The Florida Senate reversed years of opposition to a statewide ban on oil and gas fracking and advanced a bill Tuesday that will prohibit the controversial practice in Florida.
Just hours after opening the annual legislative session, the Senate Committee on Environmental Preservation and Conservation voted unanimously to prohibit “advanced well stimulation treatment,” specifically hydraulic fracturing, acid fracturing and matrix acidizing. The high-pressure process involves injecting large volumes of water, sand and chemicals into rock formations to release oil and natural gas from rock caverns deep underground. Environmentalists says it is too risky a process to allow near Florida’s fragile aquifer.
The bill, SB 442, is sponsored by Sen. Dana Young, R-Tampa, who reversed her opposition to a fracking ban last year, promising voters in her newly drawn Senate district that she would make approval of the ban a top priority.
“This has been a wonderful journey,” Young said, acknowledging the shift in position since she voted for a House bill last year that would have regulated and authorized fracking beginning in 2017, after a state study.
She held up a chunk of Florida karst limestone: “It is fragile. It is porous,” she said. “Florida is unique. Florida is special, and we do not have to be like every other state in the nation.”
Opposing the bill were ExxonMobil, the Florida Chamber, the James Madison Institute, the Heartland Institute of Washington, D.C., the Hispanic Chamber of Commerce and the Florida Petroleum Council, which argued that Florida’s ban would be the strictest in the nation, that hydraulic fracturing has been proven safe in other states and that it must remain an option if Florida is to meet its energy needs.
Dave Mica, president of the Florida Petroleum Council, said the state consumes 27 million gallons of gasoline every day, the third largest amount in the country, and most of the natural gas used in the state comes from the process of hydraulic fracking. “We have a shared interest in our industry to protect energy resources,” he said.
Jake Kramer, an attorney at Stearns Weaver Miller Weissler Alhadeff & Sitterson, which represents Collier Resources, the company that has shown an interest in drilling for natural gas in Florida, warned that the measure “will be a lightning rod for litigation in this state.”
Kramer said that the measure will open the door to lawsuits that claim the measure qualifies as an economic taking, meaning landowners could seek compensation. Large landowners could claim that the law will deprive them of access to subsurface materials.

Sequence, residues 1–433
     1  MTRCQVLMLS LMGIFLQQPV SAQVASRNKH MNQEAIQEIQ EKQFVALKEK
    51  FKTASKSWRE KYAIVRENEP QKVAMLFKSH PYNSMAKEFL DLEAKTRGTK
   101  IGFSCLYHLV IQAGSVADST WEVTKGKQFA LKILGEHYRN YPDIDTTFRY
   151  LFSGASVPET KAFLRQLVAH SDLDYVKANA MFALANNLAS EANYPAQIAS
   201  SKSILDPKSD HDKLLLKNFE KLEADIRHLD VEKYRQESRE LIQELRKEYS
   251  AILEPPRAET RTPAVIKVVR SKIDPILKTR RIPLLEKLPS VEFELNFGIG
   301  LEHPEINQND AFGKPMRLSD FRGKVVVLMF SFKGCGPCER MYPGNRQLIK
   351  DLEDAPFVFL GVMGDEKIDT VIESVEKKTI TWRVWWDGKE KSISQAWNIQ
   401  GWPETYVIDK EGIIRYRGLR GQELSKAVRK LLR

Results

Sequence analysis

But Young disagreed. She said the bill does not foreclose mineral rights and does not prohibit traditional oil and gas exploration.
“There may be some uncertainty but the question is are you willing to roll the dice with the future of our state?” she said. “Are you willing to roll the dice with the future of our environment?” However, she acknowledged that with a room full of “business lobbyists” opposing her bill, her attempt to ban fracking in Florida “won’t be easy.”
Meanwhile, as one committee attempted to ban fracking, two lawmakers filed legislation this week that would change state law and allow Florida Power & Light to charge customers, and profit from, speculative natural gas fracking.
The measures would overturn a Florida Supreme Court ruling last year that said that Florida regulators exceeded their authority when they allowed FPL to charge its customers, not its shareholders, for its speculative investment in fracking operations.
In June 2015, the Florida Public Service Commission unanimously went against its staff recommendations and approved FPL’s request to charge customers up to $750 million annually for the speculative natural gas fracking activities. FPL, a regulated monopoly and Florida’s largest utility, then entered into a $191 million joint venture with PetroQuest Energy of Louisiana to explore for natural gas in Oklahoma.
The proposal, called the Woodford Gas Reserves Project, allowed FPL to earn profits of more than 11 percent from the investment. Although FPL claimed the investment would provide a long-term hedge against volatile fuel costs and save customers money, FPL revealed that the Woodford project had cost customers about $5.8 million and did not save fuel costs.
The Office of Public Counsel, which represents ratepayers in utility cases, filed a lawsuit arguing that the PSC exceeded its authority in allowing the company to charge customers for the speculative investment. The Florida Supreme Court agreed and, in a 6-1 ruling ordered FPL to refund nearly $24.5 million to customers.
“Treating these activities as a hedge requires FPL’s end-user consumers to guarantee the capital investment and operations of a speculative oil and gas venture without the Florida Legislature’s authority,” wrote Justice Ricky Polston. Justice Charles Canady dissented, saying regulators did have the authority to use the fuel clause to allow the company to make risk-based investments.
After losing in court last year, Florida Power & Light is now turning to the Florida Legislature to revamp the law.
“Natural gas is a proven commodity that brings rates down and so we are going to allow FPL to go forward with a proven technology to have these reserves so that we pay down the road,” Bean said in an interview. He said his bill is intended to help FPL “do what’s best for their ratepayers in Florida.”
“I am looking to save the taxpayers and ratepayers money and there is proven technology that can lower consumers’ energy bills,” he said. “Do we have things to iron out? We do. And will not everybody agree? maybe.”